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what do I need? dont laugh

Post in 'The Gear' started by Andy99, Jun 29, 2008.

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  1. Andy99

    Andy99 New Member

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    ok i ordered my stove its on its way. I also ordered 3 cord of seasoned wood for this winter. Now im trying to get ready for next winter. I had a friend take down an oak tree and a maple tree. They offered me the wood. I have a chain saw and im going to cut it up load up the truck and bring it home. Now what? I dont own anything but a chainsaw. I need to go buy some supplies but what do i need? im on a budget so what would you consider a must have so i can split and stack this wood? I have never done this can some one also give me a run down on the proper way to split wood?

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  2. R&D Guy

    R&D Guy New Member

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    Well on a budget I'd get a decent axe from Home Depot, or Lowes and split the wood over the summer. One thing I learned back in my wood stove days is to keep my chain sharp on the chainsaw. I'd bring/buy another chain too. A chain is pretty cheap and it makes your cutting go quick. Also do as much cutting on scene rather than at home where you'll make a big mess.

    I tried to cut my wood length at 60/40. Forty percent at a length that allowed front to back loading, and 60 for side to side. I like loading the bottom 2 or 3 logs front to back so I had good air movement under the load, and the rest side to side. This gave a really clean burn.
  3. stop drop & roll

    stop drop & roll New Member

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    I would do what R&D;Guy said, split by hand. See how ya like it, save a little money here and there and keep your eye out for a used splitter.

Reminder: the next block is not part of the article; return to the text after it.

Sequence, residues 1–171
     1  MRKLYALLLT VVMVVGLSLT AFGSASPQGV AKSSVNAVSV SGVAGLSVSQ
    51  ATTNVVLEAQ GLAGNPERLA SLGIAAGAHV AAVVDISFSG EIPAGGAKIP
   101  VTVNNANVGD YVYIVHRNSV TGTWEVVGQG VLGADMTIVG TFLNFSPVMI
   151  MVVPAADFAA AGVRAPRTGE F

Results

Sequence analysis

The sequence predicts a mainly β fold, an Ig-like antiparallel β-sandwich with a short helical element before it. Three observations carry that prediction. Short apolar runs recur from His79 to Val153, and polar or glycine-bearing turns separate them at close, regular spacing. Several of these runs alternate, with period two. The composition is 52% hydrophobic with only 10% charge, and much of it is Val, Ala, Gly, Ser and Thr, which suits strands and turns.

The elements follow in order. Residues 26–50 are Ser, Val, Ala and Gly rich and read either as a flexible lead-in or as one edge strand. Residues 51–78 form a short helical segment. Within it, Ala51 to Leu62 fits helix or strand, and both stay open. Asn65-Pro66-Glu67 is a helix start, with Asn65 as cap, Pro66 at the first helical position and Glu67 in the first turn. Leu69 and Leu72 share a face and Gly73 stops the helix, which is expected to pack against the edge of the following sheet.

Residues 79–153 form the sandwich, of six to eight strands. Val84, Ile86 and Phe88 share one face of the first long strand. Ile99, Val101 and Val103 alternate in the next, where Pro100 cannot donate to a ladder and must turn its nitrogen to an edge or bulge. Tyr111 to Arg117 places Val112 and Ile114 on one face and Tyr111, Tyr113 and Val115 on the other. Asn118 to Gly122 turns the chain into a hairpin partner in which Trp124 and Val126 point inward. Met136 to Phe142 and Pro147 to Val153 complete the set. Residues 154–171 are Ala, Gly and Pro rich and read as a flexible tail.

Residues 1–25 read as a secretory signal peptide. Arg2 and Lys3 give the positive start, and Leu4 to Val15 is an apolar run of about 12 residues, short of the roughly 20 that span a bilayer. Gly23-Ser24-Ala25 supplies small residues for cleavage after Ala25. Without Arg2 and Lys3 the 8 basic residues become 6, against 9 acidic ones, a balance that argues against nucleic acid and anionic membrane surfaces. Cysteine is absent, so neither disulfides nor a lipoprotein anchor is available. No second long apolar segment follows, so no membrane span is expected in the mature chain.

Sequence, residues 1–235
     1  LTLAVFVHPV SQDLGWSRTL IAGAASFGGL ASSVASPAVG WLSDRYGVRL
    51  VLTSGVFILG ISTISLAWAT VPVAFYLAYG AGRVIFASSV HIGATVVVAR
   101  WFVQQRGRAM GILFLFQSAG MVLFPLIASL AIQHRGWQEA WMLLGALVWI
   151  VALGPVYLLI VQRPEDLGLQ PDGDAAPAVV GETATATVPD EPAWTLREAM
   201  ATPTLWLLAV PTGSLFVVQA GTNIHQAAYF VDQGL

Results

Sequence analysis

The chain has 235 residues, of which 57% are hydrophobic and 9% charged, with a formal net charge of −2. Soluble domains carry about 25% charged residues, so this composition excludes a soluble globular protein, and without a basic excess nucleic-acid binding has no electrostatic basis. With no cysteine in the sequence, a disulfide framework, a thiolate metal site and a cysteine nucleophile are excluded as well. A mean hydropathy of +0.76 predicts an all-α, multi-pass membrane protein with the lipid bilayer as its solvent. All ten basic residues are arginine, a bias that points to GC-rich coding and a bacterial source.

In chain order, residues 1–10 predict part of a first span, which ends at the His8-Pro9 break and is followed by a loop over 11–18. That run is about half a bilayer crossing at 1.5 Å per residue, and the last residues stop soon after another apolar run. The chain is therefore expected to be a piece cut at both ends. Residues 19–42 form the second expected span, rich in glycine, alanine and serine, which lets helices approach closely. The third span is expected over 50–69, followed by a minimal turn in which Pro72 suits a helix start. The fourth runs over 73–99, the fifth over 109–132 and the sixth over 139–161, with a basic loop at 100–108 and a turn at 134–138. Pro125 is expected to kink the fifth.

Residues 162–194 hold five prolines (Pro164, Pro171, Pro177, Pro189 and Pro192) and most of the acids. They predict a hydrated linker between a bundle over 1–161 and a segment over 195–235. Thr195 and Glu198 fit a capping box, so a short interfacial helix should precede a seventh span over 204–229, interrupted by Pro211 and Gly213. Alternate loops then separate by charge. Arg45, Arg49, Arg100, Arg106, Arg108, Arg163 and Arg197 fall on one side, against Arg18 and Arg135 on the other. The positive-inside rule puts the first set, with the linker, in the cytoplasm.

4. myzamboni

    myzamboni Minister of Fire

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    Buy a splitting maul instead of an axe (~$25). Split starting at the edge of the rounds and work you way in for the big guys. If you get a lot of wood to be processed at once, renting a splitter for a day/weekend might be in order.
  5. savageactor7

    savageactor7 Minister of Fire

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    Don't over load your truck...check out a topic here on how much a truck will hold. Also make sure the splitting mall you buy has a fiberglass handle. If you know someone that cuts and splits solicit their advice esp if they hand sharpen their chain. Also check online for videos of safe operation.

    Make work fun take frequent breaks and don't bust you azz so this becomes a chore you despise. With an hours effort daily you can end up with plenty of wood.

    ..and good luck Andy.
  6. Andy99

    Andy99 New Member

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    Thanks guys,

    Im going to Tractor supply this week to pick up a maul and some wedges. Im looking forward to getting out side and doing some work. I sit behind a desk all day. I will let you know how i do...